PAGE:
How We Got Started
In August 1938, Deseret Industries opened the door to our very first store. The building was originally an old post office and was located in Salt Lake City at 342 West 200 South.
Deseret Industries was established under the direction of Heber J. Grant, the President of The Church of Latter-day Saints at the time, and Harold B. Lee, the managing director of the Church’s welfare program. Stewart Eccles, a businessman and the first manager of Deseret Industries, also provided crucial input as the Church established Deseret Industries.
Providing Training from the Very Beginning
Deseret Industries was established on the heels of the Great Depression to help people who were suffering from high unemployment and economic challenges. The purpose of Deseret Industries at that time was much the same as it is now: to employ and train people struggling with employment and to provide low-cost goods.
A Deseret News article from August 13, 1938, reads, “Deseret Industries is a[n] . . . enterprise designed primarily to ‘help others help themselves,’ and can use any article which in its present condition, or when repaired, renovated, redecorated, or remade will be of value to another person and will provide a means of employment and support to many people” (“New Church Salvage Unit Is Launched,” Deseret News, Aug. 13, 1938).
From the very beginning, workers were urged to improve their skills so they could move into regular commercial employment and become self-sustaining. This would make room for others to develop skills. As Deseret Industries has evolved over the years, the training opportunities have expanded, and associates can now receive training in many fields including security, medical, dental assisting, education, management, manufacturing, production, skilled trades, and more.
The first Deseret Industries in Salt Lake City was soon followed by a location in Los Angeles, California, as well as other stores in Utah including Sugarhouse, Murray, Midvale, Tooele, Ogden, Logan, and Provo. Over the years, Deseret Industries has continued to expand. There are now 43 retail stores across seven states—Utah, California, Arizona, Idaho, Washington, Nevada, and Oregon.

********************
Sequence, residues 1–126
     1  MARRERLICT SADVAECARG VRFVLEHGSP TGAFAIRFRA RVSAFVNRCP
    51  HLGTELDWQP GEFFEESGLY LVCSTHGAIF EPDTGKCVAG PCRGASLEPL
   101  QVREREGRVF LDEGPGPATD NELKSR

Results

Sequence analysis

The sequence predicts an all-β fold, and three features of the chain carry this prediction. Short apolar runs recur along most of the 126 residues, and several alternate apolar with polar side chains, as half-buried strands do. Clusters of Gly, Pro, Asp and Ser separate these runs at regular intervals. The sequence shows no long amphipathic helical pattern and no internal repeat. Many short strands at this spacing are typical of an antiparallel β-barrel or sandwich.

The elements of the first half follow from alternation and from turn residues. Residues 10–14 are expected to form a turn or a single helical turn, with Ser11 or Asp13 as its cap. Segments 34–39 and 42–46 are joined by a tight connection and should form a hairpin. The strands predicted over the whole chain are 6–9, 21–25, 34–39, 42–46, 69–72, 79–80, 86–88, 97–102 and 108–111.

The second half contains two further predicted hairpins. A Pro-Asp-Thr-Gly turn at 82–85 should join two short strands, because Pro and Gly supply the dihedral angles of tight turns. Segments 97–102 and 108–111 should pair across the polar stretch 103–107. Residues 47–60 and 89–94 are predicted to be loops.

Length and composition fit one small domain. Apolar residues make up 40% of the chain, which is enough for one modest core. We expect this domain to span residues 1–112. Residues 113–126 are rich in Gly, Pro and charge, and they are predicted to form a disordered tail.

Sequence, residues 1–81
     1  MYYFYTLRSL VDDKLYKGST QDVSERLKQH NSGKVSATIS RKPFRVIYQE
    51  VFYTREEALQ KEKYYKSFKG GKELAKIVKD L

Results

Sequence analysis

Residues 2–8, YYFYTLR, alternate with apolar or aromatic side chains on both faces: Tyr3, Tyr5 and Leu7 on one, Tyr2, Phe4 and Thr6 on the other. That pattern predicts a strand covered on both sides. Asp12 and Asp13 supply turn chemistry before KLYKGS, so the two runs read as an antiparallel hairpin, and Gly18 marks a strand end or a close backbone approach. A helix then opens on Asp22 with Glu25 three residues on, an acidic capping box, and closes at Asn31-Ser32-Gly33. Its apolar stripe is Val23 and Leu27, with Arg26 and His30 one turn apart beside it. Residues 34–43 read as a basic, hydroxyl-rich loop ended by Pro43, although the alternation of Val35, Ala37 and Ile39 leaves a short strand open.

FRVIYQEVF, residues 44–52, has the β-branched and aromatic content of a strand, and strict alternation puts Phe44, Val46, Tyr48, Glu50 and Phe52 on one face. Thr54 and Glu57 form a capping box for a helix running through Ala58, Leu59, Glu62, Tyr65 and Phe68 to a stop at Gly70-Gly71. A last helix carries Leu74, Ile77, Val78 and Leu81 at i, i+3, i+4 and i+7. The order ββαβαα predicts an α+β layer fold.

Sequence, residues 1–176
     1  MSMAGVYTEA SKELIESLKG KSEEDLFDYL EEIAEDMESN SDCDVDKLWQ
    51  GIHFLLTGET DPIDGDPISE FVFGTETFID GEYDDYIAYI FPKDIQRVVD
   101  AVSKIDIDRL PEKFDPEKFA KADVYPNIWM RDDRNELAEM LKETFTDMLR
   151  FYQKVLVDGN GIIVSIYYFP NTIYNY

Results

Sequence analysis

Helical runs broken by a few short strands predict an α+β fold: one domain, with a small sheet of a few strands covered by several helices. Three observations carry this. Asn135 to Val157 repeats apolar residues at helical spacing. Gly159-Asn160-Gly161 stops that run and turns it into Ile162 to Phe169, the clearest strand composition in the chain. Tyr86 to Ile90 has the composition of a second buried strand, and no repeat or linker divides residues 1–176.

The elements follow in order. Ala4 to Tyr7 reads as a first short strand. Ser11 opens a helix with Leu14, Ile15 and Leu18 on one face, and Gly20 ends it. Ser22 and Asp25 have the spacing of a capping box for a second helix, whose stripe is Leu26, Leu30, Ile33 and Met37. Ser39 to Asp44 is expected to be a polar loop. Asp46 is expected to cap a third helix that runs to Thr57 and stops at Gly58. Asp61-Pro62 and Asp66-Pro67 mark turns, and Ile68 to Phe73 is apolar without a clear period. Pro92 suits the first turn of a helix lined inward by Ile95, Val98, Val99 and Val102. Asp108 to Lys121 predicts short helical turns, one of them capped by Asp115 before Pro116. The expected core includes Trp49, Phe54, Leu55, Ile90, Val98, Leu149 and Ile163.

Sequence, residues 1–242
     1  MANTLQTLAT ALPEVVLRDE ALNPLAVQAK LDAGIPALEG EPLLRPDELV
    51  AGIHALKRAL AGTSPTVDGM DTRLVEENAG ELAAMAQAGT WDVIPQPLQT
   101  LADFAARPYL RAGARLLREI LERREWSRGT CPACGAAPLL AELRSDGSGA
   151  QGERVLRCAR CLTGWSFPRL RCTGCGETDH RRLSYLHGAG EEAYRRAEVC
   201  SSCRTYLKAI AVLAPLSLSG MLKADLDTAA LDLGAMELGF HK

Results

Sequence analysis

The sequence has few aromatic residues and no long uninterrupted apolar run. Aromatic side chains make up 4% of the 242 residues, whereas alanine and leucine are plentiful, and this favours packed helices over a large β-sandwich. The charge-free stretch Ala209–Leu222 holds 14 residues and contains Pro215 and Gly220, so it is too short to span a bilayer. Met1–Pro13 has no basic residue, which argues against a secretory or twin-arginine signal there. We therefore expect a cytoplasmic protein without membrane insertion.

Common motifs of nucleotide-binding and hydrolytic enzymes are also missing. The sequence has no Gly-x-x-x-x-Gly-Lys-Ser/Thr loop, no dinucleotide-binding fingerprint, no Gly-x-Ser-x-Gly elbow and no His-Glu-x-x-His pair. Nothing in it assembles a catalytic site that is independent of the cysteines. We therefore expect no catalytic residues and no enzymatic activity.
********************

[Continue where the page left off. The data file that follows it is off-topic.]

Giving New Life to Secondhand Items
In the early years, Deseret Industries started making rugs and woolen blankets from donated wool sweaters. We even had a rug factory and a sewing department. We also reupholstered and refurbished donated furniture and repaired shoes and other items to sell.
Since then, we have transitioned from repurposing items to making new items to sell. At Deseret Manufacturing we produce new furniture and sleep products, which are sold in Deseret Industries stores. Deseret Manufacturing also provides a venue for associates to be trained in production and manufacturing.
Although we no longer make rugs and blankets or do reupholstering, giving things a new life is a principle we value. We love seeing the many shoppers who upcycle and give new life to secondhand items purchased at our stores.
Donations and Purchases Make Everything Possible
During its first week of operation, Deseret Industries received 179 calls from people wanting to know where and when to donate. From that point forward, shoppers and donors have been an important part of Deseret Industries. Purchases and donations make it possible for us provide job training and help people change their lives. We couldn’t do it without you!
This year marks our 80th anniversary. Join in on our celebration.